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    I am a practicing trial and appellate attorney (and partner) in a Dallas law firm. I am also a part-time magistrate in Collin County (north of Dallas). I am a confirmed Objectivist and began reading Ayn Rand when I was 17. I have a Bachelors in Philosophy. I am 43, married (12 years now) to a beautiful woman and have two great kids.
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  1. While in the chat room a few minutes ago, Ogg_Vorbis was kind enough to let me know that he does think their is an answer to his question about universals and that all of this, to use his words, is a "paradox". I enjoyed the back and forth but given his foregone conclusion on the topic, I think I have had enough. Dan
  2. The "class property" you refer to is a particular way of regarding an attribute shared by the entities in question. The attribute exists "out there"; regarding it as a "universal" reflects the human method of knowing. Rand spells this out in the first chapter of ITOE. For Objectivists, there is no "class property" separate or apart from the attribute(s) under consideration. I recognize your statement that you regard this, Rand's treatment of attributes, as deficient--at least as it relates to the problem of universals. Be that as it may, that is the answer to your question: The answer you find unsatisfying has already been provided numerous times: The "manness" is identical in each man because the only thing under consideration is the relevant attribute(s)--with their particular measurements omitted. Dan
  3. I agree; your right to recover does not hinge on whether the guilty is able to pay. The existence of a right however is not synonymous with being successful in being made financially whole. Again, I agree. My point still stands: you are not being forced to pay for the protection of your rights when you pay a fee for that protection. Dan
  4. Property rights are absolute; protecting that right is conditioned on a great many things. A "right" is not self-executing; men must establish governments to protect the rights. If those who seek the protection offered by a rational government do not pay, who will? Dan
  5. Your statement is incorrect. You do not have a right to have your property recovered for free. A "right" recognizes that sphere of action where you ought to be left free to act. It does not mean that someone can be compelled to protect your rights without compensation. Dan
  6. This is why I asked Ogg V (and have not yet received an answer) if he read Rand's account of measurement omission and whether he agreed with it, and if not, why not. It is Rand's discovery of the connection between measurement and conceptualization that is revolutionary. OV, if you will not address the role measurement omission plays in this process, then we are talking past each other. Dan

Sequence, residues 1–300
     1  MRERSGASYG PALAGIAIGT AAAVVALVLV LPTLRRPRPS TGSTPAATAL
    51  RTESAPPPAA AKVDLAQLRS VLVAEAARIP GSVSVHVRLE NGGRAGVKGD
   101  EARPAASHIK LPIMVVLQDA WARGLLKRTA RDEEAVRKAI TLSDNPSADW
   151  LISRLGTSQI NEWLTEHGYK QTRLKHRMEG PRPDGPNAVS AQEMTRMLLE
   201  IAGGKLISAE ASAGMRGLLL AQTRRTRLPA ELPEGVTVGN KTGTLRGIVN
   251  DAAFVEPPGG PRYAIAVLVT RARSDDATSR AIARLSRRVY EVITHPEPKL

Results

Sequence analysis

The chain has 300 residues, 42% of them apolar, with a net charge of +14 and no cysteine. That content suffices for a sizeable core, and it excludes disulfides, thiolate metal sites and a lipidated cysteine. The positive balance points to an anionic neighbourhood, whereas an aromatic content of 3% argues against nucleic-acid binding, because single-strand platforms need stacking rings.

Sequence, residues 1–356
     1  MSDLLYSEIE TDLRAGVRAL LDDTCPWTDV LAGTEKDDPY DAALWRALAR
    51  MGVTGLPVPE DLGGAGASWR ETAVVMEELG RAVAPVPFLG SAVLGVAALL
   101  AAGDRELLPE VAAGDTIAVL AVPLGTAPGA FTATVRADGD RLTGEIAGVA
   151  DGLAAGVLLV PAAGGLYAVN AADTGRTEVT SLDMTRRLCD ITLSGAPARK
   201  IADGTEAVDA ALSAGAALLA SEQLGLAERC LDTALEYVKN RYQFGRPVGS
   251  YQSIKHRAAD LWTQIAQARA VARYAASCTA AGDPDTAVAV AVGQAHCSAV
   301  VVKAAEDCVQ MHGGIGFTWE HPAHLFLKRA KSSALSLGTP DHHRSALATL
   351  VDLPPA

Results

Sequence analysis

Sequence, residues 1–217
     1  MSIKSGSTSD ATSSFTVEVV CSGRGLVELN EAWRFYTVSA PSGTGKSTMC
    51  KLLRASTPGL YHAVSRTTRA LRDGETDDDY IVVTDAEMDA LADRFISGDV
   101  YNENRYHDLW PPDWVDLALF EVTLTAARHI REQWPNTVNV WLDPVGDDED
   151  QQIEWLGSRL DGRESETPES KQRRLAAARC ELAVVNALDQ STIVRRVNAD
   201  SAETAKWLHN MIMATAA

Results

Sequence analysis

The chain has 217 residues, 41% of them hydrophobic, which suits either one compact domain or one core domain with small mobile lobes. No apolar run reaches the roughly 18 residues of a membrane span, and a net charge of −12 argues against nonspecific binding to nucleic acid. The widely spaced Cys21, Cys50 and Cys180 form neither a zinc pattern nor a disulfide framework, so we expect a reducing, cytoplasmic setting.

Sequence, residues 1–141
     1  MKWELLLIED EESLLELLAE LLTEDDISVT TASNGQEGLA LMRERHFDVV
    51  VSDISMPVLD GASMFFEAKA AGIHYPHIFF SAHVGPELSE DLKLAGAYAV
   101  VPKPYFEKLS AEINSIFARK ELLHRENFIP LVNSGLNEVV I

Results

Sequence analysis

7. A couple of good ones, both with Robert Redford: Three Days of the Condor and Spy Games. Dan
  8. The "property" you refer to is still an attribute; it is our ability to regard the attribute as a unit that seems to be at the root of (at least one) complaint. A particular apple may not be bruised; yet, as you correctly point out, the property of being easily bruised belongs to all apples. What allows for this shared "property"? The apples are easily bruised because of their chemical makeup--they share the same chemical composition that allows for being bruised. We may properly regard the apples' chemical composition as an attribute and all apples (all apples that ever existed, exist now or may exist in the future) share the attribute. Dan
  9. What part of the transaction is not voluntary? Dan
  10. The only way to determine who "gets . . . more benefits" is how many man-hours/use of equipment, etc is used on behalf of each person. It is possible that the fellow who only pays $1,500 in fees gets more benefits because of the number of times he calls the police. If that is the case, there is nothing wrong with assessing a usage fee. The protection of liberty, like every other value, must be paid for. Dan
  11. I do not know what you mean by "idelize[ing] them into a mental comparment". It appears you are suggesting some kind of classification of men based, not on observable similarities but on some kind of psychological convenience. Yet, we cannot intellegently speak of a "degree of rationality" without assuming the existence of a rational faculty. Have you read Rand's account of measurement omission in ITOE? This is a key tenet to Rand's theory of concepts. You seem to either not be aware of the role of measurement omission in her theory of concepts or you have dismissed it out of hand. If you have read it and disagree, please tell us what specifically you find objectionalbe. Dan
  12. What is that you mean by "straight"? Doesn't straight refer to a particular shape? A relationship between two or more points? What, specifically, is the "impossibility" you refer to? Dan
  13. As she stated in the Foreword, Rand intended that ITOE be a "summary of one of its [Objectivist epistemology's] cardinal elements--the Objectivist theory of concepts." Dan
  14. First, it would be helpful if you told us to what you refer when you speak of one man having "the same" rational faculty of another man. Regardless, Rand tells us that the fact that men possess rational faculty is a characteristic that justifies us in regarding them as members of the same class. The degree of a man's intellegence (assuming that is what you were refering to) is not an essential characteristic.
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